European Commission President Jean-Claude Juncker, right, greets Italian Prime Minister Giuseppe Conte prior to a meeting at EU headquarters in Brussels, Wednesday, Dec. 12, 2018. (Francisco Seco)
Italy lowered its proposed deficit to just over 2 percent of GDP in a revised budget submitted Wednesday to the EU Commission in a bid to avoid costly sanctions.
Continue Reading Below
Premier Giuseppe Conte told reporters in Brussels after meeting with European Commission President Jean-Claude Juncker the new draft lowers the budget deficit to 2.04 percent of GDP from 2.4 percent of GDP. Conte said the government had identified additional financial resources to allow room for negotiations with the commission, without specifying what they were.
"We hope to bring home a positive solution," Conte said, adding that the climate in the meeting was "fruitful."
Conte said both parties represented in Italy's coalition government back the new proposal, which retains both the basic income for job-seekers promised by the 5-Star Movement and a rollback on an unpopular pension reform pledged by the League.
"We have been correct and honest with the citizens, respecting electoral promises, and at the same time responsible with the EU," Conte said.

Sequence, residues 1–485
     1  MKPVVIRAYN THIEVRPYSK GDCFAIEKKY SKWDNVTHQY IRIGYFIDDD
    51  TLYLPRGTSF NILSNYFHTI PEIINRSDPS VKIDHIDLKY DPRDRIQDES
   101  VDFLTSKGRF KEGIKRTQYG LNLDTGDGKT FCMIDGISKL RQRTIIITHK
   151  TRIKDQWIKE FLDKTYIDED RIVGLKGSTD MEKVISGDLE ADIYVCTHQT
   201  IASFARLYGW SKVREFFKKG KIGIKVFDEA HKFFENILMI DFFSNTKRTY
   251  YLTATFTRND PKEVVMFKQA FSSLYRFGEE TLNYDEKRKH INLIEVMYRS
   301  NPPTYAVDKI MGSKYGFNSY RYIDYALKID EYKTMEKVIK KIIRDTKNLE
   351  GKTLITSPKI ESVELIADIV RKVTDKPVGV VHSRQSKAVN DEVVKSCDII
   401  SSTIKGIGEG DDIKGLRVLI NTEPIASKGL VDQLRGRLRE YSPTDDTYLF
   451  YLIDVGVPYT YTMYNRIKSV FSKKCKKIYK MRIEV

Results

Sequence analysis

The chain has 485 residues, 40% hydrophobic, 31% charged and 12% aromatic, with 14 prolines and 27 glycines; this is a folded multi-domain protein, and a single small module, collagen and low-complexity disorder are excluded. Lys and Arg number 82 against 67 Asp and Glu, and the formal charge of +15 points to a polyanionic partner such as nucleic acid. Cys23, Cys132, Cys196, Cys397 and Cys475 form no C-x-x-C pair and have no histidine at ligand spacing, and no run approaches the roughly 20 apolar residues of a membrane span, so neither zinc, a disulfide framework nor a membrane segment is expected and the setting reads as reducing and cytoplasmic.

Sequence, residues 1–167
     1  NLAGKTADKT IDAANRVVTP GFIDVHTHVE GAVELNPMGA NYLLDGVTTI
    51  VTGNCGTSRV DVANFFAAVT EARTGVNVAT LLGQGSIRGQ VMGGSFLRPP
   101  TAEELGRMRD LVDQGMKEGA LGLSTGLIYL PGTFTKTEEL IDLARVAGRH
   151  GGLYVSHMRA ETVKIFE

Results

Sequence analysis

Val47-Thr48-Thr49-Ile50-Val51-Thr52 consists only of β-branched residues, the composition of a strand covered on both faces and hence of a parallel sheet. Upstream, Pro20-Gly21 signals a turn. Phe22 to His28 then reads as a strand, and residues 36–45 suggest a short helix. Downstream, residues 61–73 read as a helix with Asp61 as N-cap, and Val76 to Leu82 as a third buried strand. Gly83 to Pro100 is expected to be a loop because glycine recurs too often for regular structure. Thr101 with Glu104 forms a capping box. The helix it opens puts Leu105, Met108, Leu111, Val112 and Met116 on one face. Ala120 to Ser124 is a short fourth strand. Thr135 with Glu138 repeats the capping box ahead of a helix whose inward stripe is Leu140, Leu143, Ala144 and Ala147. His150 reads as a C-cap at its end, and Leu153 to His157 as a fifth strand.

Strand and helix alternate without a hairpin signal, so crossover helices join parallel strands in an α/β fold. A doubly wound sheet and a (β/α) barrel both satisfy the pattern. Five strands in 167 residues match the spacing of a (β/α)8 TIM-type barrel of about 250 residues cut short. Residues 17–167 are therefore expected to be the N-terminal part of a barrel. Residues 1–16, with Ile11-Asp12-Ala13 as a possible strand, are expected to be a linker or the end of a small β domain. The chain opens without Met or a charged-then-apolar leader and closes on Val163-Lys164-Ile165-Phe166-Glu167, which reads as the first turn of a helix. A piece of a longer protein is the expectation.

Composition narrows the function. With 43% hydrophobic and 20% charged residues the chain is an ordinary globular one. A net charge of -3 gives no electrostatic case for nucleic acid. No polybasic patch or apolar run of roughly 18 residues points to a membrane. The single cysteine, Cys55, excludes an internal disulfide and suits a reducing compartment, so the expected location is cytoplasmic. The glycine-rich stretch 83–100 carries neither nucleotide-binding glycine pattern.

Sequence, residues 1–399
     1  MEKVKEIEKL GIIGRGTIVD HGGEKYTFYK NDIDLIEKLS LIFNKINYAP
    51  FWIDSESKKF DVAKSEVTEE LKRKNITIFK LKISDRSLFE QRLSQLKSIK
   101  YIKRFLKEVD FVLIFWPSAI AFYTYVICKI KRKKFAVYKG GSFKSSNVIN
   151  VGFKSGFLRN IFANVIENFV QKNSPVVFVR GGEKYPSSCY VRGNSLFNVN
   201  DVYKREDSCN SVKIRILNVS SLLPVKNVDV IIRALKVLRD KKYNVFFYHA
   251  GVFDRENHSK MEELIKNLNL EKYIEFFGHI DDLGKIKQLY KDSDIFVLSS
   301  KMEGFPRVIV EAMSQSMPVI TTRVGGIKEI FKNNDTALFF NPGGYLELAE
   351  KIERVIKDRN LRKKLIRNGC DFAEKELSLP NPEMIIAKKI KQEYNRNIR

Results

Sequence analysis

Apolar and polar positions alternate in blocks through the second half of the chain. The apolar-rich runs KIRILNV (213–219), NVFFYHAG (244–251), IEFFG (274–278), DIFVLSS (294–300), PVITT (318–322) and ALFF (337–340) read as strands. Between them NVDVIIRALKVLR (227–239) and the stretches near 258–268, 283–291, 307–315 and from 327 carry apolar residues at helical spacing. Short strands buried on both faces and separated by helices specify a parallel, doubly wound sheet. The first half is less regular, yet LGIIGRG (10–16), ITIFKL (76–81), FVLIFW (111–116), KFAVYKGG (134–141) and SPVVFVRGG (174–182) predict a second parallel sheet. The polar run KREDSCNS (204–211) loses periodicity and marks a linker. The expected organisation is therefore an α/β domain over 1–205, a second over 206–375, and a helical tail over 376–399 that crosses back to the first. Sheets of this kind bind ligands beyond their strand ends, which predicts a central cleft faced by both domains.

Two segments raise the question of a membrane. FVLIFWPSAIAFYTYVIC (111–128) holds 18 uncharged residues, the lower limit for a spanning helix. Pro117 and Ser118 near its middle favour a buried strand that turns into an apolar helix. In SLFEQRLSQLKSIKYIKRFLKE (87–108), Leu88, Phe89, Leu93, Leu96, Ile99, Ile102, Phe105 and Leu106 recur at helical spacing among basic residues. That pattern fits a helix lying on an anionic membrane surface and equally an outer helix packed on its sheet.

The EU commission rejected Italy's previous budget, saying the populist government's spending plans would break promises to lower public debt. The EU is expected to take a few days to evaluate the new proposal before indicating whether it is acceptable, but the Milan Stock Exchange gained nearly 2 percent before closing on expectations that Italy would take steps to address Brussels' concerns.
While the Italian government has argued that the spending increases were necessary to relaunch growth after years of austerity, the Commission said the measures would not boost growth and would force new budget cuts in the future.
Italy risks sanctions for excessive debt, which has been stuck at 131 percent of GDP, well above the limit of 60 percent. Italy's debt load is the second highest in Europe, after Greece, and concerns about its ability to keep up debt payments have caused borrowing costs to spike. That, analysts say, is not sustainable and could wipe out any benefits to citizens from social programs in the new budget.